The front chainring is–you guessed it–carbon, and has 30T. The Shimano XT 10-speed cassette ranges from 11-34 teeth.
As far as gearing goes, the bike has a gear ratio between 0.88 and 2.73 and a gain ration between 1.83 and 5.67. (Bike nerds, feel free to check my math)! In practical terms, this means that the gearing is well suited for climbing, which we found to be true.
|Tire Diameter||Tire radius||Wheel diameter||Wheel radius||front chainring||rear cassette||rear cassette||gear ratio||gear ratio||crank length (mm)||crank length (inches)||gain ratio||gain ratio|
Shimano XT Hydraulic Disc Brakes Offer Superior Stopping Power
Remember when you got your first set of hydraulic disc brakes? It was life changing, right? The same thing will happen to your child if they are upgrading from v-brakes.
Also, the Shimano XT hydraulic disc brakes aren’t just and hydro brakes. They are a step above the Tektro hydraulic brakes found on most good kids mountain bikes.
They offer significant stopping power, especially when you consider that your child is likely sub-50 pounds.
The brake levers are easy to reach and easy to pull. Your child’s hands won’t get fatigued like they would with v-brakes or even mechanical disc brakes.
Carbon Wheels Are Lightweight and Fast Rolling (But No Thru Axles)
We all know that rotational weight is the most important factor on a bike, and the Mad 6 has taken this to heart. The carbon rims are built up with Colony stainless steel spokes (16 count), Sapim nipples, and a lightweight hub.
The only thing we aren’t crazy about is the lack of a thru-axle. Like most modern adult mountain bikes, more and more kids mountain bikes are also being offered with front and rear thru-axles for increased stability and safety.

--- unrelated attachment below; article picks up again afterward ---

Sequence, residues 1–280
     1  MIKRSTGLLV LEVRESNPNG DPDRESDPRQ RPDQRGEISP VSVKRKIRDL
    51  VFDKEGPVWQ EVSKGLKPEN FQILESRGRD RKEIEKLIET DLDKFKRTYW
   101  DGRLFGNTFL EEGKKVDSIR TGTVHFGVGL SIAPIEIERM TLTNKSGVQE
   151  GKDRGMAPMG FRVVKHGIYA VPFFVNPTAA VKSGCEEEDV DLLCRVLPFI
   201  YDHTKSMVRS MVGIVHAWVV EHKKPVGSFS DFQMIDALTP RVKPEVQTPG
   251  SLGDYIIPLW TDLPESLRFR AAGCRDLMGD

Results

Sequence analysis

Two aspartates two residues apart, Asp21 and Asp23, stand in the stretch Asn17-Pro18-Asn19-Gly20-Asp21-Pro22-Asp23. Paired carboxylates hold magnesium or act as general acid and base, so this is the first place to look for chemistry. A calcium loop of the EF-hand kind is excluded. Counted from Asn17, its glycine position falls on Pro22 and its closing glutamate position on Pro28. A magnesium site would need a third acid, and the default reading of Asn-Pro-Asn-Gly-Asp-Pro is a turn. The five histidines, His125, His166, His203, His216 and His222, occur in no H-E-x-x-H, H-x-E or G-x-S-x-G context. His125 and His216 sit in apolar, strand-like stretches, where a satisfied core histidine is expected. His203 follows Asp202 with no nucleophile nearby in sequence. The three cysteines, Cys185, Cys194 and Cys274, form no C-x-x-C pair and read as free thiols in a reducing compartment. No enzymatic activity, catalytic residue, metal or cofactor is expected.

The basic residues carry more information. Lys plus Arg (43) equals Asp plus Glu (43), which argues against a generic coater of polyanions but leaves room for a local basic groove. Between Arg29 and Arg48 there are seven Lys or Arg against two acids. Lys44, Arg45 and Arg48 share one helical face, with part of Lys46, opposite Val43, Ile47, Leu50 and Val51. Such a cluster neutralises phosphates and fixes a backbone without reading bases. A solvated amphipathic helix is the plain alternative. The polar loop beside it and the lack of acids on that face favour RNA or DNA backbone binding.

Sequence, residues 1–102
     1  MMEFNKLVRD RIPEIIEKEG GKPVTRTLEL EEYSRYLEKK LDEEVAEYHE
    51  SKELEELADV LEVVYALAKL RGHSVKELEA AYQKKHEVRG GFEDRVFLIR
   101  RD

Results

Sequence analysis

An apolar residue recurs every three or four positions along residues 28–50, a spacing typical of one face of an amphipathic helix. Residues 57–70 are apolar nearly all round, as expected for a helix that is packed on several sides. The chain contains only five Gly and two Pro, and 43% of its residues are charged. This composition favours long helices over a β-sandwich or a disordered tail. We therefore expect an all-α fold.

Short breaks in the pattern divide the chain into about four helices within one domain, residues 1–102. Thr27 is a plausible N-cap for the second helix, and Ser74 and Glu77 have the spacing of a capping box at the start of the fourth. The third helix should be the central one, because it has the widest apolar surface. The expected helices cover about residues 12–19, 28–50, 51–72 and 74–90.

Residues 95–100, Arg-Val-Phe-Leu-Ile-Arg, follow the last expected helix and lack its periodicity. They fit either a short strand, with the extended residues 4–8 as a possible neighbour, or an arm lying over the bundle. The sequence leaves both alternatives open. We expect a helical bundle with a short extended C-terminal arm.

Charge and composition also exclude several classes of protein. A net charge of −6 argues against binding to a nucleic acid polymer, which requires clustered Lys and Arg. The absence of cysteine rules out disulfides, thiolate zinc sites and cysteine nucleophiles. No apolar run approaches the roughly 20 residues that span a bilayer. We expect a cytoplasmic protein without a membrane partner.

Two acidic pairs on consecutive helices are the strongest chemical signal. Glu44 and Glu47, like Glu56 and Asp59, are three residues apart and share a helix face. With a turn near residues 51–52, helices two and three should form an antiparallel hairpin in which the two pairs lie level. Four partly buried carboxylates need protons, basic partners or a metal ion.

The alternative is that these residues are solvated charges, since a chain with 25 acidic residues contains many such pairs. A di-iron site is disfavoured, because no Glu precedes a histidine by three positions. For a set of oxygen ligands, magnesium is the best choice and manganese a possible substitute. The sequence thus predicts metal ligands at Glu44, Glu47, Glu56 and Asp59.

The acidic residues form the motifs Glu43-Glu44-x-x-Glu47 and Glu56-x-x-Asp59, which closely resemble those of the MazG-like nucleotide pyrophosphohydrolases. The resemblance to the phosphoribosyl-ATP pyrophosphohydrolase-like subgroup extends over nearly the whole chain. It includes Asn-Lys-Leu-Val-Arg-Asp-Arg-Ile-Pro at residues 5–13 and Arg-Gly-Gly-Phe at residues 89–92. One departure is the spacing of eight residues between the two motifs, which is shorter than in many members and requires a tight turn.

The Mad 6 is rocking Kenda Small Block Eight (2.1) tires. These tires are a good old standby I’m sure you’ve run at some point, and which again, are well suited to the cross-country nature of the bike. Carbon XS can set them up tubeless, upon request, which we appreciate.
No Quick-Release Seatpost Collar
At the risk of sounding like a broken record (I’ve been complaining about this on a lot of bikes lately), I thought it was a bummer that the bike lacks a quick-release seatpost collar. Because we ride a lot of mountainous terrain in Utah, we are constantly raising and lowering our son’s seat. With the Mad 6 I had to keep getting out a mini-tool to adjust the seat height. Not ideal. But, of course, this is an easy and cheap thing to upgrade.
Of note, there also isn’t routing for a dropper post, so if you want to go that route you’ll have to use an external option like the PNW Pine.
Internal Cable Routing Keeps Things Clean and Tidy
While there isn’t routing for a dropper, there is internal routing for both the derraileur and brakes which we appreciated. Internal routing keeps things clean and tidy, especially when riding dusty or muddy trails.